One marked characteristic of my father was his habit of attending to all business matters promptly. He was never idle, and what he had to do he performed with care and precision. Mr. Custis, my grandfather, had made him executor of his will, wherein it was directed that all the slaves belonging to the estate should be set free after the expiration of so many years. The time had now arrived, and notwithstanding the exacting duties of his position, the care of his suffering soldiers, and his anxiety about their future, immediate and distant, he proceeded according to the law of the land to carry out the provisions of the will, and had delivered to every one of the servants, where it was possible, their manumission papers. From his letters written at this time I give a few extracts bearing on this subject:
"...As regards the liberation of the people, I wish to progress in it as far as I can. Those hired in Richmond can still find employment there if they choose. Those in the country can do the same or remain on the farms. I hope they will all do well and behave themselves. I should like, if I could, to attend to their wants and see them placed to the best advantage. But that is impossible. All that choose can leave the State before the war closes....
"...I executed the deed of manumission sent me by Mr. Caskie, and returned it to him. I perceived that John Sawyer and James's names, among the Arlington people, had been omitted, and inserted them. I fear there are others among the White House lot which I did not discover. As to the attacks of the Northern papers, I do not mind them, and do not think it wise to make the publication you suggest. If all the names of the people at Arlington and on the Pamunkey are not embraced in this deed I have executed, I should like a supplementary deed to be drawn up, containing all those omitted. They are entitled to their freedom and I wish to give it to them. Those that have been carried away, I hope are free and happy; I cannot get their papers to them, and they do not require them. I will give them if they ever call for them. It will be useless to ask their restitution to manumit them...."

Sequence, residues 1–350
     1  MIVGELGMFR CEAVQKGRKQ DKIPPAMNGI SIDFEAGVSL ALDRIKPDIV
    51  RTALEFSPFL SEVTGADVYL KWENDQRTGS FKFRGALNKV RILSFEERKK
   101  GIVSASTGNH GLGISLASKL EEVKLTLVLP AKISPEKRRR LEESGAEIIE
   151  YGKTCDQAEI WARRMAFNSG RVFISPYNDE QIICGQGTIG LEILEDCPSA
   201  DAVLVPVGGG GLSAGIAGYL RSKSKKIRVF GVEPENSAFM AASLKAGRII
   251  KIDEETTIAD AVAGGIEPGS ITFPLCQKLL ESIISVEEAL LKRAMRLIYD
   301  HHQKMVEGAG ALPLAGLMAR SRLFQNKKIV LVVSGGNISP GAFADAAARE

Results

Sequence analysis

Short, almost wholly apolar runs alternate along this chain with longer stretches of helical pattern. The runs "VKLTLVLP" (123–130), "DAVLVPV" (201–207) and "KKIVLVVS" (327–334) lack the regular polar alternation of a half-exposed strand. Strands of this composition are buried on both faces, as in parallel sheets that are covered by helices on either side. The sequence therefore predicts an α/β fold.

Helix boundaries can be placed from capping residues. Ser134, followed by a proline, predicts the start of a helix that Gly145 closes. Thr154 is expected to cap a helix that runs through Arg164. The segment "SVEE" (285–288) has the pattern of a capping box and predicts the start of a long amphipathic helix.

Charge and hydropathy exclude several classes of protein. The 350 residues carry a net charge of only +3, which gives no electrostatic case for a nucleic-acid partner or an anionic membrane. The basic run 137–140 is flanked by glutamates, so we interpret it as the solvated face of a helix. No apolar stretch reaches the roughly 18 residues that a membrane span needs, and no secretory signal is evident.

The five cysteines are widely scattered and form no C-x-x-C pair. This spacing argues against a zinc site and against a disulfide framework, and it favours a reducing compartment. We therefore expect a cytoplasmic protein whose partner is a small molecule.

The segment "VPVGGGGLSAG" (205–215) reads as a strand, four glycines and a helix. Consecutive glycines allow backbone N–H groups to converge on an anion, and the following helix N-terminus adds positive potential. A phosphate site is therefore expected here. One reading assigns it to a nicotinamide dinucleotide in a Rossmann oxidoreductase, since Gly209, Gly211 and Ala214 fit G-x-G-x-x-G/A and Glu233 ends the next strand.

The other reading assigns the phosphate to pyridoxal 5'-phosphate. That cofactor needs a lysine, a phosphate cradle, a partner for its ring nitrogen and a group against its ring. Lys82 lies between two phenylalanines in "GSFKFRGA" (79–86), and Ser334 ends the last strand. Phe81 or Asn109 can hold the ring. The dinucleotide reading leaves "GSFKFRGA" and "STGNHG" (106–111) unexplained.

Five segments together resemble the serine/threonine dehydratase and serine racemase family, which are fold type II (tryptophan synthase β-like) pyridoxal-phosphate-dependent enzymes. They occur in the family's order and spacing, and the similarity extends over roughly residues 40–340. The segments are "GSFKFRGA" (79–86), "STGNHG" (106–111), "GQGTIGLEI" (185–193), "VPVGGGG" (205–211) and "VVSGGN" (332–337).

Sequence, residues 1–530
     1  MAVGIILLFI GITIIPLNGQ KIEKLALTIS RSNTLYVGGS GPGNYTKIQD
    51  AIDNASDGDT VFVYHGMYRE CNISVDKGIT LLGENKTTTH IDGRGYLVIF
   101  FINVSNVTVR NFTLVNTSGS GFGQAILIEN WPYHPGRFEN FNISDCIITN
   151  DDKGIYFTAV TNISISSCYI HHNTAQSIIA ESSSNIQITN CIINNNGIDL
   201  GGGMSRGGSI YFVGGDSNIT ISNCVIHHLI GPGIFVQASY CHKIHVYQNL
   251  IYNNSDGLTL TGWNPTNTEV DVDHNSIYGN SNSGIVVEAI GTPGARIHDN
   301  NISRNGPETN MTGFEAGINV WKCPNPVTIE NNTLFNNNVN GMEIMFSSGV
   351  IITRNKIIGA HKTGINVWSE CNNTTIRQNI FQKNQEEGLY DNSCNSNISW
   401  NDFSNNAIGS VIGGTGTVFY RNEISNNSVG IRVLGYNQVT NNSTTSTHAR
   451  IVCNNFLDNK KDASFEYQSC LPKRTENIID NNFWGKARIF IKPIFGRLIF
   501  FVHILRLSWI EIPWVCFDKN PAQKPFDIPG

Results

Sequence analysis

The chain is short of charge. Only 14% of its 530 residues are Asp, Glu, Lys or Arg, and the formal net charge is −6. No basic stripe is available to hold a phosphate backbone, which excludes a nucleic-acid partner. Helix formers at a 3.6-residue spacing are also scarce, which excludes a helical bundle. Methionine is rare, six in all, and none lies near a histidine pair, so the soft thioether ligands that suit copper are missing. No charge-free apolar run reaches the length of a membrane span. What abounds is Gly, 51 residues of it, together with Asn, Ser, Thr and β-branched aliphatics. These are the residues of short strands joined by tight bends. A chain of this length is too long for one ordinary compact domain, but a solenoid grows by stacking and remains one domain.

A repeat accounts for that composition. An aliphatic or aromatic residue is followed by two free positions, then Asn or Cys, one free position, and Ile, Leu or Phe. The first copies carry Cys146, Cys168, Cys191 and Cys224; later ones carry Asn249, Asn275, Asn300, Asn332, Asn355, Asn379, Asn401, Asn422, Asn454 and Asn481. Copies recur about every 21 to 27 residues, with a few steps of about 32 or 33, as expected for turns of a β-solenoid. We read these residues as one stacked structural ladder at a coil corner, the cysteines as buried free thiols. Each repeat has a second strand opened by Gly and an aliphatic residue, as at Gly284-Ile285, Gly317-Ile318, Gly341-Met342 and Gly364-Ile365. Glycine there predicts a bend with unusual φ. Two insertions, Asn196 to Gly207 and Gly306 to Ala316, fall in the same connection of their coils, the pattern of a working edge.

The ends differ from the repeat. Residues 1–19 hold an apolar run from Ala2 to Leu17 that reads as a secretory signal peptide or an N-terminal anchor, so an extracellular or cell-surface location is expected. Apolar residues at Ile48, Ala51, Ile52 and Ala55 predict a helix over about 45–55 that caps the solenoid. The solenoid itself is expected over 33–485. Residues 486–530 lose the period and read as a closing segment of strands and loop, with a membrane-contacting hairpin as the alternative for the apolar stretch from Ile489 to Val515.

Chapter V The Army of Northern Virginia
The General's sympathy for his suffering soldiers--Chancellorsville-- Death of "Stonewall" Jackson--General Fitzhugh Lee wounded and captured--Escape of his brother Robert--Gettysburg--Religious revival-- Infantry review--Unsatisfactory commissariat
During this winter, which was a very severe one, the sufferings of General Lee's soldiers on account of insufficient shelter and clothing, the scant rations for man and beast, the increasing destitution throughout the country, and his inability to better these conditions, bore heavily upon him. But he was bright and cheerful to those around him, never complaining of any one nor about anything and often indulging in his quaint humour, especially with the younger officers, as when he remarked to one of them, who complained of the tough biscuit at breakfast:
"You ought not to mind that; they will stick by you the longer!"
His headquarters continued all the winter at the same place, and with stove and fire-places in the tents, the General and his military family managed to keep fairly comfortable. On February 6, 1863, he wrote to his daughter, Agnes from this camp: